BoSe, Bottazzi-Secchi model of firm growth

Table of Contents


This is a little collection of programs written to test and study the Bottazzi-Secchi model of firm growth. The model is described in several papers, see the Bibliography.

This package contains both C programs and Python scripts. The C programs require that the GNU Scientific Library (GSL) is installed on your computer while a Python interpreter is necessary in order to run the scripts. If python is the name of your Python interpreter you can run the program name_of_program with

python name_of_program

Notice that the several Python scripts in the package require the numpy module for Python.

A python interpreter is automatically installed in any Linux distribution and both the GSL library and the numpy module are usually available as packages.

Download and installation

Provided the dependencies above are satisfied, the installation should be straightforward. Download the latest available tar.gz package from the cafed repository. Unpack the package

tar xvzf bose-{version}.tar.gz

move inside the source directory

cd bose-{version}

run the configure script, build and install

make install

For more detailed instructions see the INSTALL file in the package.

List of programs

bose_step1 and bose_step2 are just intermediate utilities written to numerically check the correctness of the analytical analysis on which the model is based.

The program bose and the scripts bose_growth and bose_sizes provide a simulation of the Bottazzi-Secchi models. The latter keeps track of the size evolution of the firms while the formers simply generate the growth rates densities (and several other things…. see the documentation below).

The Bottazzi-Secchi model

To better understand the various command line options of the following programs it is probably useful to summarize the main features of the model. Please understand that this explanation is by no mean exhaustive. It is intended for people who did already read one of the papers in which the model is described. If you don't know the model, please refer to the Bibliography.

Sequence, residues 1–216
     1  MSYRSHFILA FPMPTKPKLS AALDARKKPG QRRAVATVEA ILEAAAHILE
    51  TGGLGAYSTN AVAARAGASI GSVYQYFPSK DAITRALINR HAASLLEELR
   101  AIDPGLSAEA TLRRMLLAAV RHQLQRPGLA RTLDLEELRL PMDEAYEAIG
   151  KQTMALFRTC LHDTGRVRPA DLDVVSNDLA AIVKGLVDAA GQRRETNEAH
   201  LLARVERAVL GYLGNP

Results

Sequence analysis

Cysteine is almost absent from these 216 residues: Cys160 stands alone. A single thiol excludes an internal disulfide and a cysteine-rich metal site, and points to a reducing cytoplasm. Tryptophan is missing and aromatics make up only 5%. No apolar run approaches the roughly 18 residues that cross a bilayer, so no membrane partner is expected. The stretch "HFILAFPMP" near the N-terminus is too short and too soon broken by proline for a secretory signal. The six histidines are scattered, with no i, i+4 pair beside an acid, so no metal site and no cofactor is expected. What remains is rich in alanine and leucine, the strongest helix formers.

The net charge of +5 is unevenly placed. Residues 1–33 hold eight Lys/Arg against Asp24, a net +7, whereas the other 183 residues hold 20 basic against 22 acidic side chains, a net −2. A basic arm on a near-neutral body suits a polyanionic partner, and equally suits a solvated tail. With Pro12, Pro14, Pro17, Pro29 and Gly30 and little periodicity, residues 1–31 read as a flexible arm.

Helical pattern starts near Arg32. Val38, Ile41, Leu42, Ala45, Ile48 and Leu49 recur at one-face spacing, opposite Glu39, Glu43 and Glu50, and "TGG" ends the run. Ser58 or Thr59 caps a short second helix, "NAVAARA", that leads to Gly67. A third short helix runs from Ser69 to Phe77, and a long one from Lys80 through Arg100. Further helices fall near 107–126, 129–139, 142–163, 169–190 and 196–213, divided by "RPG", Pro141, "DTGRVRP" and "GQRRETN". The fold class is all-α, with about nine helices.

The model is indented as a discrete time evolution of an industrial sector. Consider a sector with N firms. At the beginning of each round the economy allows for M business opportunities to be exploited by firms. These opportunities are distributed among the firms following a Bose-Einstein statistics.

Each opportunity generates a multiplicative growth shock affecting the size of the firm which captured it. All these growth shocks are assumed identically distributed with a common density \(g\).

The resulting growth rates probability density p(x;M,N) reads

\[ p(x;M,N) = \sum_{h=0}^{M} \, P(h;N,M) \, \sqrt{\frac{M}{N}} \, g\left(\sqrt{\frac{M}{N}} x\right)^{\ast (h+1)} \]

where the exponent indicates the convolution of the density \(g\) and \(P(h;N,M)\) is the Bose-Einstein distribution of parameter N and M

\[ P(h;N,M) = {N+M-h-2 \choose N-2}/{N+M-1 \choose N-1} \]


This is the basic program for the generation of Bottazzi-Secchi growth rates distribution. One can provide several command lines options (default values are specified in square brackets):

-N the number of firms                            [100]
-M the average number of micro-shocks per firm    [100]
-D the type of micro-shock distribution           [0]